For example, on-the-job training – mentoring, mentoring social learning. In this case, the student must not perform any specific actions. The informal method assumes that people can develop their competencies in communicating with colleagues and solving ordinary professional problems.
The 70:20:10 model is a corporate learning organization model was developed in 1996. Its creator is the American researcher Morgan McCall. This specialist and colleagues from the Center for Creative Leadership wrote the book “The Career Architect Development Planner.” This model is used in many large companies. For example, Hewlett Packard and Mars.
With this learning method, skill development is mostly done through daily practice and teamwork with more qualified employees. 70% of the time is used to gain experience directly in the workplace. 20% of the time is devoted to teamwork (mentoring, coaching, tutoring, etc.). The remaining 10% of learning outcomes are achieved through classical methods (courses, e-learning, seminars, etc.).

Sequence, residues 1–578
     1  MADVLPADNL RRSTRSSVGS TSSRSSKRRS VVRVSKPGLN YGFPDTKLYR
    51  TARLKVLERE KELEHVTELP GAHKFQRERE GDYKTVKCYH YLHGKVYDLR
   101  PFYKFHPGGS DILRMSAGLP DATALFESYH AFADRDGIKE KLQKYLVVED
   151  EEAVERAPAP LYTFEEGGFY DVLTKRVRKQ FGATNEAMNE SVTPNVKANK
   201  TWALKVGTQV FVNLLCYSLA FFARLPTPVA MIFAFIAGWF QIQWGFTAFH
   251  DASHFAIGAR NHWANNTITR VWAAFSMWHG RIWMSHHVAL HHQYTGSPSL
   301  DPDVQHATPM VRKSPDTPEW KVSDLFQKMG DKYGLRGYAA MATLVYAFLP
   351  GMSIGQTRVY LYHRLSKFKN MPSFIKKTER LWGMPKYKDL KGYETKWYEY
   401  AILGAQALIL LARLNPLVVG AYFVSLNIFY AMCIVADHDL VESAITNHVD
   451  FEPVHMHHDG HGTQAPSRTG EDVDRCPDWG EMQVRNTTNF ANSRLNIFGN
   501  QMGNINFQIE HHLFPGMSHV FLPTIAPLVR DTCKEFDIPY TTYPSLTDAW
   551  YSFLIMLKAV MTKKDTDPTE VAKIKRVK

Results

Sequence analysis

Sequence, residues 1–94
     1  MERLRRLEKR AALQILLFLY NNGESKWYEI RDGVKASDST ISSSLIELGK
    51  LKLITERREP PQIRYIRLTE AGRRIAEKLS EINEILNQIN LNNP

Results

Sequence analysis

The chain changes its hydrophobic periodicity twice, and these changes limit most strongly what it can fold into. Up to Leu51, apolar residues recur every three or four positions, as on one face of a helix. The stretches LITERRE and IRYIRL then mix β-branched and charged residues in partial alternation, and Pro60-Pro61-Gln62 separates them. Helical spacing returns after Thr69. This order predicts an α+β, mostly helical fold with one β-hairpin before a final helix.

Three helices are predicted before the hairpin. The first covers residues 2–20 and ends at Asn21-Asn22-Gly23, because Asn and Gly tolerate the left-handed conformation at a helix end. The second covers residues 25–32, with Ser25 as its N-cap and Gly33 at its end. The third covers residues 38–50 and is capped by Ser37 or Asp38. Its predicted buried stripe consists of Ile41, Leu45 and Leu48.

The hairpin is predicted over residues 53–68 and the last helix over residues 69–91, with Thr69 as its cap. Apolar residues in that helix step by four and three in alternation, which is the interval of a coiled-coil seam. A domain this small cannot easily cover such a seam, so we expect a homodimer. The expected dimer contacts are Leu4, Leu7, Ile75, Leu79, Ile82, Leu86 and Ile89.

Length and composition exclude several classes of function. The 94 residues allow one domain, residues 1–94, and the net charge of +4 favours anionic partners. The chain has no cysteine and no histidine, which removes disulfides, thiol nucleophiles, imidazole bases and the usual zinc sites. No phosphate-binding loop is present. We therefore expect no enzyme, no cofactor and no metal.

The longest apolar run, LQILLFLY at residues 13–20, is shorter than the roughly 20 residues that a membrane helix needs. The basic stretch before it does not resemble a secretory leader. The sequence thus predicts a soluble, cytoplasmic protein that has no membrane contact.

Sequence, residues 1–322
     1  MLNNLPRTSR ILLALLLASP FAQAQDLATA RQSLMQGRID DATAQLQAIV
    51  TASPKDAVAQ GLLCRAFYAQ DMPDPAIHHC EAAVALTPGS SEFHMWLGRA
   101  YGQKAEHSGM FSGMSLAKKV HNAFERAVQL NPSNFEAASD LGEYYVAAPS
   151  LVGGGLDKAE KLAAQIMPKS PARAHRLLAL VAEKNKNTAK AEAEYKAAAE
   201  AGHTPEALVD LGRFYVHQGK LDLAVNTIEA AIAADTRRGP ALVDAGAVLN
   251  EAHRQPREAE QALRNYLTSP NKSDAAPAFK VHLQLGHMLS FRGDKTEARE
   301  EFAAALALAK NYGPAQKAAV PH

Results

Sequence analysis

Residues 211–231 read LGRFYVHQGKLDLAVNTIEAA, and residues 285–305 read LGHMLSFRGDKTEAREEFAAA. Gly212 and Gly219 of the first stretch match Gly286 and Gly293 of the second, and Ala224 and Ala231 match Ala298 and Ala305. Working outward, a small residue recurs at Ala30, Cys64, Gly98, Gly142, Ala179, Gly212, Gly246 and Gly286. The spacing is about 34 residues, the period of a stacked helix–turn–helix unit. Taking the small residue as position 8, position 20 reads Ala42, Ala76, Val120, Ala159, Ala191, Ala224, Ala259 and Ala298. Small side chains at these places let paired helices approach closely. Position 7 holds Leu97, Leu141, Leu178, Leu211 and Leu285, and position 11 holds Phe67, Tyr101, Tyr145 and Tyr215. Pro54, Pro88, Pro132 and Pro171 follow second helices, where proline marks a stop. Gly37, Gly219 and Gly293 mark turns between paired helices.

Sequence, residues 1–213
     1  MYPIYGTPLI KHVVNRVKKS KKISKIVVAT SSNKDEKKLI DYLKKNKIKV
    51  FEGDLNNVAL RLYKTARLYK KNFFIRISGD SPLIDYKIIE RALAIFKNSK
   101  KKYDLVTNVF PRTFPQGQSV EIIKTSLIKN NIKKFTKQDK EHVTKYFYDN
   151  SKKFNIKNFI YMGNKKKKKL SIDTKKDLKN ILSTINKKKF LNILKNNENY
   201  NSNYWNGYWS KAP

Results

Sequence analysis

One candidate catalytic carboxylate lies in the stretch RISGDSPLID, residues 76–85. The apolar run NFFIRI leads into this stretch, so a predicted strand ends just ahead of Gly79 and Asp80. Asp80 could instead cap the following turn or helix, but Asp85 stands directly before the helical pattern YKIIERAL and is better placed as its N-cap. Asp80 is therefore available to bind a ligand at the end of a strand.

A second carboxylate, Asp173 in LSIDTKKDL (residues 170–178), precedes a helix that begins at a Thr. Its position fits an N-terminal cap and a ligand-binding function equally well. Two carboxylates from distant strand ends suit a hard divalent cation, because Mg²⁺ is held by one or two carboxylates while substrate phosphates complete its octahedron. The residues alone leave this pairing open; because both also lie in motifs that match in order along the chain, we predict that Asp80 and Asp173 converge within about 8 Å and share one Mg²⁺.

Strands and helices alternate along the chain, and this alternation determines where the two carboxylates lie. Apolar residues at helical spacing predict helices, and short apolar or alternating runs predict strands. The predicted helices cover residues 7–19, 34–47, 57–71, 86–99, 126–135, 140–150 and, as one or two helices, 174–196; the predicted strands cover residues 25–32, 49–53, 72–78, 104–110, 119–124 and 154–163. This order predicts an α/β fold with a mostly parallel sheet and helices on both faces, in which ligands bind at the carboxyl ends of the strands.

In this case, the company can distribute the proportions of formal and non-formal learning differently. For example, Sberbank uses the 60:20:20 model. Following this concept, employees receive formal training 20% of the time. This is explained by constantly changing market conditions, and universities do not have time to update their educational programs. Consequently, former students must acquire the necessary knowledge and skills after getting a job.
Please note that the above learning models are often criticized. The fact is that they are based not on objective empirical data but on the experience of specific authors. However, informal on-the-job training is essential for staff development.